Walking into Pasar Malam is transportive on so many levels. The narrow exterior, facing Grand Street in Williamsburg gives the smallest hint, with its subtle wooden carvings, but step inside and all the harsh, blustery weather outside melts away and you find yourself in a mini Malaysian nightmarket.
The number and variety of dishes on the menu is a true testament to the passion and excitement that chef and owner, Salil Mehta, imbues into his restaurant. An expression of his culture and the desire to welcome his diners into the warm, exotic flavors of his home–each dish has a story and a purpose on the menu and is created with the love and devotion of a true artist. No corners are cut, no ingredients substituted (unless as a creative improvement) and no palates are catered to – this is the real deal and beautifully so. The flavors might be unlikely to a Western palate, but it is a magnificent, thrilling experience to those who love to excite new taste buds and push a few limits.
That said, we’re not talking about “extreme food,” in the sense of eating something for bragging rites alone. The menu that Chef Mehta has created is fantastically delicious and takes cue from the rich melting pot of culture that weaves across Malayasia. Thus, the flavors encountered are not necessarily something you will be tasting for the first time, but it will be the way that you are tasting them—the surprising combinations and the luscious freshness. Chef Mehta routinely grinds and pounds his own herb and spice mixes, using only the freshest ingredients and spending days crafting sauces and soups, making sure they live up to his high standards.
This devotion is not lost on his customers, who easily become devoted fans of the restaurant after their first visit. And perhaps in even further testimony to Chef Mehta’s integrity, Malaysian New Yorkers are among his most ardent fans, and returning the love, he has created the Makan Club (#Makanclub) in which customers can request specific dishes that they yearn for from home. With at least 48 hours notice, Chef Mehta will gladly create the beloved dishes his customers can get no where else.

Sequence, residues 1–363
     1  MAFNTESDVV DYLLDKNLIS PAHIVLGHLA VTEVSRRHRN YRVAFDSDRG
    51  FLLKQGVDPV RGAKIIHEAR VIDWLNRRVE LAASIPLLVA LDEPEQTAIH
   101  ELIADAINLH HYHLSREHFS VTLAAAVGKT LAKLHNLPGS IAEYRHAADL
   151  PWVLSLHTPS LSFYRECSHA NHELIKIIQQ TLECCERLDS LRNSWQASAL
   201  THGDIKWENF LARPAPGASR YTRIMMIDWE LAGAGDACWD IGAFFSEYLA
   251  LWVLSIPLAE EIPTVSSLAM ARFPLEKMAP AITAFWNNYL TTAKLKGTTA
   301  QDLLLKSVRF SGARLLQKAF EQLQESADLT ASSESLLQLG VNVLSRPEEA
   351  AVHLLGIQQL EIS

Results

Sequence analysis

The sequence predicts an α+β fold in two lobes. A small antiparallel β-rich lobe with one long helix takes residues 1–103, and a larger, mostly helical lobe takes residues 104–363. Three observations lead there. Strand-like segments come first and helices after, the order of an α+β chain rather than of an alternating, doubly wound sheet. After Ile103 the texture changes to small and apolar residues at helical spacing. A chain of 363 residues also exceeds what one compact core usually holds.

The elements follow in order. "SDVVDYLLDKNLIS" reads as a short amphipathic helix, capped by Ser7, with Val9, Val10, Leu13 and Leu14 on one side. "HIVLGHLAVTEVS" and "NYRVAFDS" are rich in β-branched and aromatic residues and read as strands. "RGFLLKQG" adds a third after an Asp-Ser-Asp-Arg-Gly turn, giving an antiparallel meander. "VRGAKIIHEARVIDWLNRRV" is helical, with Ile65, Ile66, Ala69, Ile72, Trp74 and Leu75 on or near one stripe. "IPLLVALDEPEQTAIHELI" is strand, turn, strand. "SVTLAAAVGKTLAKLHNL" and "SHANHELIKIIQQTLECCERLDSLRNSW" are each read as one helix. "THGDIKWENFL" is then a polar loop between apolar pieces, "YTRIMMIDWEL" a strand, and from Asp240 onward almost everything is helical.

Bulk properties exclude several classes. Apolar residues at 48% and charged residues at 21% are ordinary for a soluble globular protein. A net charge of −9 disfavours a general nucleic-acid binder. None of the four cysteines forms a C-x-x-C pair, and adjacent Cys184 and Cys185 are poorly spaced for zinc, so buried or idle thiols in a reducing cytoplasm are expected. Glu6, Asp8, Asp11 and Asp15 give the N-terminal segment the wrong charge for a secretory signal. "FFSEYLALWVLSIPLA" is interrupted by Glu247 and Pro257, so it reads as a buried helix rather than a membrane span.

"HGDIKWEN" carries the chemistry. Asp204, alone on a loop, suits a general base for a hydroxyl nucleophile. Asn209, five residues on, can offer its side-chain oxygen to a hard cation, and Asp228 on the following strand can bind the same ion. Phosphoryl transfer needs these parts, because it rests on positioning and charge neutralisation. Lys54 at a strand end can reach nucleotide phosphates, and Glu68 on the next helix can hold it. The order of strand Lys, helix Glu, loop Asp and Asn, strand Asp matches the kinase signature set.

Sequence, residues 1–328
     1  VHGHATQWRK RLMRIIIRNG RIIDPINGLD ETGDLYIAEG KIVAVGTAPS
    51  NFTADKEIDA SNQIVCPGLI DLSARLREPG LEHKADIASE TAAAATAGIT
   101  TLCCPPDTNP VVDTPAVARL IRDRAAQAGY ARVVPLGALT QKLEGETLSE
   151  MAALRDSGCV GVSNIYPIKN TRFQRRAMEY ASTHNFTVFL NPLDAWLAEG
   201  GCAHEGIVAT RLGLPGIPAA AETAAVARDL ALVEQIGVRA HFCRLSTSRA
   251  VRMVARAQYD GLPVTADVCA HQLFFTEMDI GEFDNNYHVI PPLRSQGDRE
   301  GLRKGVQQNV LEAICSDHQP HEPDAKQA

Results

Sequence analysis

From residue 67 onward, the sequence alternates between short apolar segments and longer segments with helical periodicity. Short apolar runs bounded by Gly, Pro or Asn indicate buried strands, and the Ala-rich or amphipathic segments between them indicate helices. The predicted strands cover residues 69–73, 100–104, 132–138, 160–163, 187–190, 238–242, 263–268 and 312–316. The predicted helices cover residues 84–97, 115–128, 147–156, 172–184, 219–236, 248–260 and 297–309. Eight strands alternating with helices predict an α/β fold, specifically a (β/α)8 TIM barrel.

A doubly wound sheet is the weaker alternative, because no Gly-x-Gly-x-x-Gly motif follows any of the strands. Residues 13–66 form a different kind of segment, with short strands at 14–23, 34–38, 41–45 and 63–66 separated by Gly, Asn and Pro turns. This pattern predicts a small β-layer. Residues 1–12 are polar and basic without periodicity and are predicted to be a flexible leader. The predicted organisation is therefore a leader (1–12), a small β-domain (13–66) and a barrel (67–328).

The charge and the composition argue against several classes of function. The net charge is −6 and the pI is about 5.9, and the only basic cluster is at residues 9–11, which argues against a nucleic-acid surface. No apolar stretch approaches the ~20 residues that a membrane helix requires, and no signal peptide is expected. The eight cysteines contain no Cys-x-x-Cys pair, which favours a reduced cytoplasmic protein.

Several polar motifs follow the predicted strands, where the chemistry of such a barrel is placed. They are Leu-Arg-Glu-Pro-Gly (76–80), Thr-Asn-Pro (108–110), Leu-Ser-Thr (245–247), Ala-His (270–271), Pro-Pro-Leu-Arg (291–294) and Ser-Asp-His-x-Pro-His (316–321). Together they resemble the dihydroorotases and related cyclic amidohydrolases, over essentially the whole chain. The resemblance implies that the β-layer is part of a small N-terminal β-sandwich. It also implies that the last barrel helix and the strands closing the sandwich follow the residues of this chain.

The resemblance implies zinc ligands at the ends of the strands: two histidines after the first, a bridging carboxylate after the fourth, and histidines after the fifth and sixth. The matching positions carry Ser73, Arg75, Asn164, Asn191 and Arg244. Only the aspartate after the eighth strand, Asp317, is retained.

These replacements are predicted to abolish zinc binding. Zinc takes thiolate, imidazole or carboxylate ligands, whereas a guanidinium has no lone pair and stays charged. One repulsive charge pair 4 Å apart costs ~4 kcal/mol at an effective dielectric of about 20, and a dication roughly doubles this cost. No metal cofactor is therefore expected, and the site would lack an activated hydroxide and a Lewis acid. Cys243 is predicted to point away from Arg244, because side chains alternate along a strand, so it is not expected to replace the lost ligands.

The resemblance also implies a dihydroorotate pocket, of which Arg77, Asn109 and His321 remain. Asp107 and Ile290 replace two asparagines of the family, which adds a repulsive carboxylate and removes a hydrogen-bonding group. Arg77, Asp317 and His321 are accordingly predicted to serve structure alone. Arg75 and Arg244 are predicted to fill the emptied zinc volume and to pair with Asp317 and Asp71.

We arrived weather worn and hungry on an especially dreary weekday, but already began to feel rejuvenated by Pasar Malam’s atmosphere, evoking steamy South East Asian nights – our eyes lighting up at the bold sign in the back, naming the types of roti (Malaysian pancakes) available. We wasted no time ordering the Roti Jala, a lacy textured version, and the thicker, folded Roti Telur, which comes stuffed with egg and spicy pepper. Both arrived with a coconut curry dipping sauce and warm, spicy, exotic respite from the chilly day. This is a true comfort food, 100% craveable any night of the week and they disappeared at our table in record time.
Having traveled to Singapore and eaten the ubiquitous Chili Crab specialty, I was especially curious to see how Pasar Malam’s rendition lived up to my memory of the dish. Traditionally, a giant, glistening crab swimming in a lake of gelatinous chili sauce is something to be wrestled with as much as eaten. And, despite sopping up the sauce with spongy, white steamed buns (mantou – chili crab’s traditional accompaniment), there is no way to escape showers of the sticky, spicy sauce. Inevitably you spend the rest of your evening smelling like a chili crab, yourself.